With Mother's Day coming up, now seems like a fitting time to point out the incredible need for research into women's brain health.
Because every Mother's Day we celebrate and honour the women in our lives. The day conjures memories of special moments. We think fondly on the essential role our mothers have played in our development. We may buy gifts because we know what mom likes or needs. We may share family meals based on favourite recipes or choose to go somewhere to mark the day based on mom's love of a certain destination.
All that we do to celebrate mom is tied to our ability to cognitively connect with the past and present, and the nature of that celebration is tied to our mothers' abilities to make those connections as well. What if neither were possible?
Research tells us almost 70 per cent of all new Alzheimer's sufferers will be women and that women are twice as likely as men to suffer from dementia, depression or stroke as they age.
Despite the discrepancy in rates of disease, research still focuses on male brains. But men and women are different, and as such, they differ in the way that diseases present, and in how they respond to treatment. We must learn more about those differences to effect better outcomes.
As the major caregivers in our society, women are especially susceptible. Whether it is due to the increased threats to their own brain health, or the impact of stress due to taking on the role of caregiver, women are at higher risk.
Just as scientists recognized 20 years ago that a man's heart attack was different from a woman's, and addressing those differences meant a healthier outcome for both, it's time to shine a spotlight on brain health in the same way.
When I launched the Women's Brain Health Initiative (WBHI) last year, the goal was to level the research playing field by funding female brain aging research at leading facilities across Canada and to fund educational programs to give women the information they need to stay brain healthy longer.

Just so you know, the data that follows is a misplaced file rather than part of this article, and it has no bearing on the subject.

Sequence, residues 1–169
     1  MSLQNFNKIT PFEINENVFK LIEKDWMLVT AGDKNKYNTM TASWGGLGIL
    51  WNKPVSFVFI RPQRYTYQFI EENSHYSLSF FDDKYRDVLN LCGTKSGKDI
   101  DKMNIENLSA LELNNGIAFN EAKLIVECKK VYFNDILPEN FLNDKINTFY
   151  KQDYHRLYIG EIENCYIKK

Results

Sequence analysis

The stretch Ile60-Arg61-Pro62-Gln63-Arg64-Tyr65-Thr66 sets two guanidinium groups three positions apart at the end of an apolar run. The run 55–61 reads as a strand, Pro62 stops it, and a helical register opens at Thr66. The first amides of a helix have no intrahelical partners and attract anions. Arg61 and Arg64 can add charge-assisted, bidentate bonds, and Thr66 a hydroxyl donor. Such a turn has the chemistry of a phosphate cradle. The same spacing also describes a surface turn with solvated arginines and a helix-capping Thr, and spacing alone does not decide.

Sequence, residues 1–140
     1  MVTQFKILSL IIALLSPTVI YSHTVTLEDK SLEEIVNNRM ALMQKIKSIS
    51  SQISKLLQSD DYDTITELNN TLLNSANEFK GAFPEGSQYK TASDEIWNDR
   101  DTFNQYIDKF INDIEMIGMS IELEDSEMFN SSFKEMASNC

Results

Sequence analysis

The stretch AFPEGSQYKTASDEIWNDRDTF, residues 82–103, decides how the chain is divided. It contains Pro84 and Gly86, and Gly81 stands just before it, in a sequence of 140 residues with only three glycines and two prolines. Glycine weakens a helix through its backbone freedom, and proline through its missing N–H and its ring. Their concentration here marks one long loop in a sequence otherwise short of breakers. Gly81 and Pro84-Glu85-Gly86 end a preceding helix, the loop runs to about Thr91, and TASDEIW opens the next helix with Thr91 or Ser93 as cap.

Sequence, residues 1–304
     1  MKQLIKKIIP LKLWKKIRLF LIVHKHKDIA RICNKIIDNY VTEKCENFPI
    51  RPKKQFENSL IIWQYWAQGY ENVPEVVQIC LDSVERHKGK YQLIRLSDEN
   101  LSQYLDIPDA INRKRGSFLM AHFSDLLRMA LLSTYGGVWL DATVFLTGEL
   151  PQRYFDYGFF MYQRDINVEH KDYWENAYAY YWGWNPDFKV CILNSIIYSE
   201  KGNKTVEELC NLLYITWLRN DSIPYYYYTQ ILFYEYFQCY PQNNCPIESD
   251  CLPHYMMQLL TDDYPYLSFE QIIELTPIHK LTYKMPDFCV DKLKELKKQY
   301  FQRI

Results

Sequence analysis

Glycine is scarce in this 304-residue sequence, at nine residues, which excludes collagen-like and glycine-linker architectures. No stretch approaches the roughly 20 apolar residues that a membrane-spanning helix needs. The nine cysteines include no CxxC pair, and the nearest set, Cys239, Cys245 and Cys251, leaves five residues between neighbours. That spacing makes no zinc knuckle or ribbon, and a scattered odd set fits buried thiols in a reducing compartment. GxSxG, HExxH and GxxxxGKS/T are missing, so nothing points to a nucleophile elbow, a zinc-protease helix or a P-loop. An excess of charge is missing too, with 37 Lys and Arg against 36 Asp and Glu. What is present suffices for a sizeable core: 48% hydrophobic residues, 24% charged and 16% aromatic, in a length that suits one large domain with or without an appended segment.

I'm proud to say that as a direct result of our efforts, the Canadian Consortium on Neurodegeneration In Aging, a collaboration of Canada's best and brightest neuroscientists, has established a Women & Dementia core to help ensure future studies and therapy programs take sex and gender into account.
While we wait for research to catch up to the frightening statistics unfolding before us, we must make every effort to ensure we honour the women in our lives by educating them -- and ourselves -- on the best ways to stave off brain disease processes.
We know now that mental stimulation, physical exercise, nutrition and socialization are key to maintaining good brain health. With the help of leading Canadian neuroscientists, the latest research and key information is now available through our Mind Over Matter videos and magazine.
This Mother's Day, I encourage everyone to consider a gift that really matters for the moms in our lives -- good brain health.
Whether you take the time to watch the Mind Over Matter videos or read the Mind Over matter magazine to learn more about women's brain health, treat mom to a brain healthy meal, or join the women in your lives in some physical exercise, there are many ways you can be part of the effort to improve the cognitive outcome for women everywhere.
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